Boscastle is a somewhat magical village. Set deep in a steep, rocky rift that’s cleaved by the bubbling river down into a beautiful natural harbour, it’s a place with an exceptional amount of history, including the industrial archaeology of the mining era and the remnants of having been a busy port. It has ancient churches, Celtic ruins, and a fair few famous literary connections to boot.

Looking out across the river and harbour at Boscastle

Looking out across the river and harbour at Boscastle

Boscastle has a slightly pagan, spiritual vibe that is arguably more authentic than that of neighbouring Tintagel, and many have commented that the hidden valley of Boscastle has an unusually calming influence on the soul as one descends the winding road towards the town. The pretty, narrow port now lies quiet, sheltered by a pair of harbour walls built in the 1580’s, and the river flows out beneath a lovely bridge into this picturesque and pleasant little inlet.

The South West Coast Path passes right through the village, and indeed Boscastle is very well placed for splendid clifftop walks west to Tintagel, or up the coast to the surfing beaches of Crackington Haven, Widemouth, and onward to Bude.

There is a rocky island called Meachard visible from the northern headland, which was a hazard to shipping in days of yore. Just 300m offshore, only very brave souls would attempt to reach it.

River Valency BoscastleHistory

Many have heard of the famous flood of 2004, which destroyed much of the village as rainwater burst the banks of the Valency and hurtled down into the harbour. Miraculously there was no loss of life. In fact, disastrous though the whole event appears, the only reported casualty was someone with a broken thumb! The houses and shops have long since been rebuilt, and the flood defences are now modern capable, appropriate to ensure that there is no repetition of that terrible day. But Boscastle’s history goes back much further, to the Poldarkian times of pilchard fishing and tin mining and beyond to the 2nd century AD. There will have been many more terrible days, as well as triumphant ones, in the long tale of wrecking, smuggling and piracy that accompanied the honest pursuits of fishing, farming and mining.

View overlooking cottages in BoscastleClimate

At the centre of the bit of North Cornwall coastline that’s sometimes called the ‘Sunshine Strip’, Boscastle experiences particularly good weather, with many more hours of sunshine per year than the UK average. The village and harbour are sheltered from prevailing winds and yet receive all day sun – this, combined with the turquoise waters typical of the area, make it a rather pleasant village in which to sojourn. For more detailed information about the Cornish climate, do visit our dedicated weather page, here…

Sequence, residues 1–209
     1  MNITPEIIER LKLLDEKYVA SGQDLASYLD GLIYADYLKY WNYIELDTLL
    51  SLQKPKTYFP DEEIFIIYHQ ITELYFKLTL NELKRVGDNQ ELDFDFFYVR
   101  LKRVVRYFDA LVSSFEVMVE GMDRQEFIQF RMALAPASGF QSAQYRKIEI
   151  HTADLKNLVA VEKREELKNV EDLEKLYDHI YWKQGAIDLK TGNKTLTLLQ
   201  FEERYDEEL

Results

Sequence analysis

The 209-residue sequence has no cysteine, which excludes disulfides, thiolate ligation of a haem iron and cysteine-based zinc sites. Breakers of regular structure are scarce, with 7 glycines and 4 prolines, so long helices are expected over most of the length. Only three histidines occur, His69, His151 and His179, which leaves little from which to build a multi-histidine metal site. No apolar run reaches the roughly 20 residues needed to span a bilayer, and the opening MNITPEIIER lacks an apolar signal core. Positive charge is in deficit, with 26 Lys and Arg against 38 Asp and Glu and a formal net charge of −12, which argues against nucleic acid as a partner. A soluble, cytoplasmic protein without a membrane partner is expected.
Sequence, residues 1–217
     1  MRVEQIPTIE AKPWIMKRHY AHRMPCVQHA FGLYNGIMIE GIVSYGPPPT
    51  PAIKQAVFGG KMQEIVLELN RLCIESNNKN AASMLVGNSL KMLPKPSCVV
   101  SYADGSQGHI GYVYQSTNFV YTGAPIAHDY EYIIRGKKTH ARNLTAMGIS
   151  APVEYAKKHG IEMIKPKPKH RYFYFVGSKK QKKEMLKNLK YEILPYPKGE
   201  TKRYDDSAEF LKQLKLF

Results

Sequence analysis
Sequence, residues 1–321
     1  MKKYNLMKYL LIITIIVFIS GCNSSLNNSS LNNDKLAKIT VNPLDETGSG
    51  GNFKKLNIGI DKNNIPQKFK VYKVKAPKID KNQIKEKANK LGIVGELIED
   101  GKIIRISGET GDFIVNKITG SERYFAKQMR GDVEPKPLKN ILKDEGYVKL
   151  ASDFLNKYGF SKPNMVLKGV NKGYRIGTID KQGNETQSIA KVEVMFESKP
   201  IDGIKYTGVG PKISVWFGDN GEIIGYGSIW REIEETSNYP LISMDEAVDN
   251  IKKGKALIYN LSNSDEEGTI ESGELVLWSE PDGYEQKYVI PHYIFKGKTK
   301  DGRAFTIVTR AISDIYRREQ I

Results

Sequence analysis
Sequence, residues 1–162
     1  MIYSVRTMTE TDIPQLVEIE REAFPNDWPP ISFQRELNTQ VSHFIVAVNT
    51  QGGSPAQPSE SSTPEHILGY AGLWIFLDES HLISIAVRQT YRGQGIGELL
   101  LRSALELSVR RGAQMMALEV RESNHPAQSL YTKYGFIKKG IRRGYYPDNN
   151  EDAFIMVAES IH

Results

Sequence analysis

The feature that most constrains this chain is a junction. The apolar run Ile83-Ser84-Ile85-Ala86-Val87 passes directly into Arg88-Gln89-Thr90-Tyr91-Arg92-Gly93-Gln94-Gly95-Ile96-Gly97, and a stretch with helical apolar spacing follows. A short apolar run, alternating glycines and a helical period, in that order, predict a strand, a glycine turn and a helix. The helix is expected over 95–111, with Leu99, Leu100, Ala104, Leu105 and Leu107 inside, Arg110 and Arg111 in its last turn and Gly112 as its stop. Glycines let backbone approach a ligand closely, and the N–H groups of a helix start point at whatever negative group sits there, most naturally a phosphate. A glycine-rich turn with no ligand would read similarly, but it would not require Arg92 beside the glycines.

Transport Links

Lying 14 miles (23km) south-west of Bude and 5 (8km) north-east of Tintagel, Boscastle is not far from the A39, known as the Atlantic Highway, one of the best touring roads in the UK. It’s well signposted from Camelford or Davidstow. To get there by public transport, it’s easy to take a train or coach to Exeter, then a bus to Bude and another onwards to Boscastle.

The Pixie House, now the Harbour Light Tea Garden

The Pixie House, now the Harbour Light Tea Garden

Old stuff

The Pixie House: Originally built as stables in the sixteenth century, and later used as a piggery, this wonderfully topsy-turvy house was destroyed by a floating camper van in the flood of 2004, and has since been restored to its former higgledy-piggledyness. Known by all in Boscastle and beyond as the Pixie House, it was renamed Harbour Light in modern times by owners who were not comfortable with un-Christian mythological constructs. One wonders how they felt about their tearoom’s proximity to the Witchcraft Museum?

Boscastle Visitor Centre

Boscastle Visitor Centre

The Pilchard Palace has inherited the National Trust shop, which was previously in the Old Forge, and also contains Boscastle Visitor Centre and a café. This was where the pilchards were salted, pressed and packed into casks for shipping. The holes for the pressing equipment can still be observed in the walls of the building. Many other villages have a “pilchard palace”, by the way – it was the usual name for the pilchard sorting area at that time.

Bottreaux Castle: The Cornish name for the village is Kastel Boterel, and it’s not hard to see that it took this nomenclature from the Castle which stood there centuries ago. Some say that the correct pronunciation of Botreaux (after the owners the de Botreaux family) is But’ry. Perhaps it got Franglicised somewhere along the way. The castle itself does not really remain. It was a fairly simple stone motte and bailey structure and had become an abandoned ruin by 1478. Today only a few earthworks are really discernible. But it is all set in a rather pleasant park, open to the public.

Boscastle Lookout on the Willapark headland is still manned by Coastwatch volunteers, but it’s open to the public. Originally a summer house built in the 1820’s by Thomas Avery, a merchant and Lord of the manor, it commands a panoramic view over the rocky isle of Meachard and the Celtic sea from its position on the site of an Iron age cliff castle, which is rather similar to the Tintagel “island”.


Forrabury Church, near the lookout, is dedicated to St Symphorian of Burgundy, was rebuilt around 1867, and a particularly ancient Celtic cross stands next to the churchyard. It has no bells – they were ordered by the Lord of Bottreaux in the Middle Ages. He thought they would ward off the plague, but they never reached him, because the ship carrying them sank in the bay. He was later struck down by the plague himself and died. It’s said that the ghostly ringing of the bells can be heard when storms lash the waters of the bay.

Minster, properly the church of St Merthiana, is on a pleasant wooded walk up the valley. A little further on, St Juliot’s is what brought the poet Thomas Hardy to Boscastle in the first place, which later resulted in many poems and stories, not to mention his marriage. He had been employed as an architect in the restoration of St Juliot’s in 1870.